The 50th anniversary of Earth Day is today, and with the world under siege from the coronavirus pandemic, there’s no better place than to celebrate social distancing and the Earth than in our own backyards.
“You don’t need to leave home to celebrate Earth Day. Remember, nature starts at your back door,” said Kris Kiser, president of the TurfMutt Foundation. “Get outside, mow your lawn, trim bushes, plant a butterfly bush. By becoming a steward of your yard, you are helping to preserve your own corner of the overall ecosystem.”
TurfMutt was created by the Outdoor Power Equipment Institute’s TurfMutt Foundation and has reached more than 70 million children, educators and families since 2009. Through classroom materials developed with Scholastic, TurfMutt teaches students and teachers how to “save the planet one yard at a time.”
“TurfMutt is truly about reconnecting kids with the outdoors,” Kiser said. “I can’t say it enough: Nature starts at your back door. And kids really connect with the TurfMutt character – they like that the dog is a real dog! – while learning about nature.
“While many of us are staying at home now, it’s spring, and this is the perfect time and opportunity to learn the foundation’s base messaging: We’re all interconnected, we’re all in this, and we can do our parts at home for the good of the planet. Plant a butterfly bush on your balcony or on your deck or roof. If you’re in an urban area, help the public park.”
Kiser has a personal connection to TurfMutt: His own rescue dog Lucky, who Kiser called Pop, is the face and mascot of the organization. Lucky recently died at age 14, and TurfMutt’s new dog – or as Kiser refers to her, TurfMutt’s new “superhero” – is Mulligan.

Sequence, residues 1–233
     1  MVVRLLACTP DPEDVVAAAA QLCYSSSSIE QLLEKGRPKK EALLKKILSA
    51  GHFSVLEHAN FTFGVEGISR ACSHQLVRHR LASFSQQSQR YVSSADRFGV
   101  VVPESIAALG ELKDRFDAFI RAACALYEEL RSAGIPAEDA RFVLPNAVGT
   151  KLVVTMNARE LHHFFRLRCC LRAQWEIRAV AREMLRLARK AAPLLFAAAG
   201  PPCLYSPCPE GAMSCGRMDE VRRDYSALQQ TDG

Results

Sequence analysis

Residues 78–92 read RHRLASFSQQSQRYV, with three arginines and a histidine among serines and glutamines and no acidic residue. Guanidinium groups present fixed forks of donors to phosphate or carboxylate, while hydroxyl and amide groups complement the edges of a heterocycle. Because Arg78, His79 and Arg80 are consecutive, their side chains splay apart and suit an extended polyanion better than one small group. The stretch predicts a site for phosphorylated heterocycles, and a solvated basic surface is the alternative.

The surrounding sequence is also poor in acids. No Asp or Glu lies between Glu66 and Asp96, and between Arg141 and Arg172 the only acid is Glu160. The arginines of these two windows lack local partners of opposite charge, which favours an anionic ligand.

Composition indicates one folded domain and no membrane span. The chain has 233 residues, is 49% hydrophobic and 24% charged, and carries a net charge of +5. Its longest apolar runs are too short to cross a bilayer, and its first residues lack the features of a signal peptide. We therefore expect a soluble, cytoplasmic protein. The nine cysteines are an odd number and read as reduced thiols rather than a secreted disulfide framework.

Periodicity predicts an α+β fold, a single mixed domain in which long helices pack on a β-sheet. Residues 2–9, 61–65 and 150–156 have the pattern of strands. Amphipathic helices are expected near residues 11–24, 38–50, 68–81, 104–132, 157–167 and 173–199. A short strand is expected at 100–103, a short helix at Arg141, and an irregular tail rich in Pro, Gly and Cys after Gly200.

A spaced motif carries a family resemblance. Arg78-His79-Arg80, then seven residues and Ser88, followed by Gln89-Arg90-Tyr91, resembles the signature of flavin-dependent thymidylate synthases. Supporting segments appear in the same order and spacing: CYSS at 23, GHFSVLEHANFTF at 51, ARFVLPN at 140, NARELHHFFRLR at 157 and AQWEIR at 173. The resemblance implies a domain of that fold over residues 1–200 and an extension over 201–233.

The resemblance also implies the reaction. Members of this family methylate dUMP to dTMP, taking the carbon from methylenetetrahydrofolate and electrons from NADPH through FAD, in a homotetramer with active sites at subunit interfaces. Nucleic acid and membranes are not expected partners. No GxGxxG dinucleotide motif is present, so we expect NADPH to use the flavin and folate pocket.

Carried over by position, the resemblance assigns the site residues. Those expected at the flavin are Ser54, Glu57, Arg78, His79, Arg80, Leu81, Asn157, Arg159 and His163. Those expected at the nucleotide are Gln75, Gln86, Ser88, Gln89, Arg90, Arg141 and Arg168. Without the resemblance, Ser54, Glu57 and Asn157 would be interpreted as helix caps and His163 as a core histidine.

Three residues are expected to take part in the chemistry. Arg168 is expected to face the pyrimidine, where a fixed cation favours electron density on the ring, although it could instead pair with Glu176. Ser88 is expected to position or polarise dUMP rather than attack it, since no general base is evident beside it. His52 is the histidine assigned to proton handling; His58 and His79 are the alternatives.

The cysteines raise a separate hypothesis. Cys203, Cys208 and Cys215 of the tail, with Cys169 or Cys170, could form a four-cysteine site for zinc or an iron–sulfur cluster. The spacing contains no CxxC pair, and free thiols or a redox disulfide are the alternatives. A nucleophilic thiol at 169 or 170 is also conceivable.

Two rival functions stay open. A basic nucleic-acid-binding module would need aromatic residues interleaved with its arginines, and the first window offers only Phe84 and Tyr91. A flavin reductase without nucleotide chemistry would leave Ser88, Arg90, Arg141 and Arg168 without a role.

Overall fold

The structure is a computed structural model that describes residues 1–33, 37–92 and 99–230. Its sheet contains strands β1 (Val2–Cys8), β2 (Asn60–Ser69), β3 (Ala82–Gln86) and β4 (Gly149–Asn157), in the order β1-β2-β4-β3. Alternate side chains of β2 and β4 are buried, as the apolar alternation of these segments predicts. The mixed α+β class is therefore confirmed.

What will Kiser, who has been with the TurfMutt Foundation for 13 years now and enjoys walking, hiking, playing in his yard, water and animal rescue, be doing on Earth Day? “I’ll be doing my part. Along with video messages for TurfMutt, I’ll be putting my money where my mouth is and planting,” he said.
Here are six ways to celebrate Earth Day without leaving home courtesy of TurfMutt:
Your backyard is an outdoor living room and a safe place for pets and kids to play. Science proves spending time in your family’s yard is good for your health and well-being, and it so important today as everyone looks for creative ways to stay well while being confined to the home.
Researchers have found that people living in neighborhoods with more birds, shrubs and trees are less likely to suffer from depression, anxiety and stress.
Make it a family project
Take your loved ones outside to assess your space. What’s working well? What could be improved? What can you plan to do together in your backyard? Anything needing to be cleaned up? Make a plan to expand or spruce up your yard.
Connect kids to nature
Free, online and do-at-home lesson plans are available from turfmutt.com. The environmental education program resources and activities for science, technology, engineering and math, or STEM, principles give kids the prompts they need to have fun learning about and exploring the nature and science in their own backyards.
Know your climate zone
Learn about climate zone-appropriate plants, the importance of pollinators and how backyards can support local wildlife. Conduct a plant inventory to determine what’s thriving in your backyard. Match that up against the USDA Plant Hardiness Zone Map to determine the best types of turf, trees, shrubs and plants for the climate zone.
Keep pollinators in mind
Your yard is an important part of the connected ecosystem providing food and shelter for pollinators such as birds, bees, butterflies, bats and other creatures. Select a variety of plants that will bloom all year long. The Audubon Society’s database can help determine which birds will be attracted to which plants so you can make good choices about what to plant.
Plant, prune or mow
Staying confined to home base doesn’t mean gardening and yard work have to stop. Order garden supplies online or have them delivered from a nearby nursery. Mow the lawn and trim bushes. Make it fun; chores don’t have to be a chore.
“You’re in Spokane, Don, and I’m in Virginia. There are about 3,000 miles between us, but we’re still interconnected. We’re in this together, and together we can make a heck of an impact on Earth,” Kiser said.
To learn more about TurfMutt, visit turfmutt.com.
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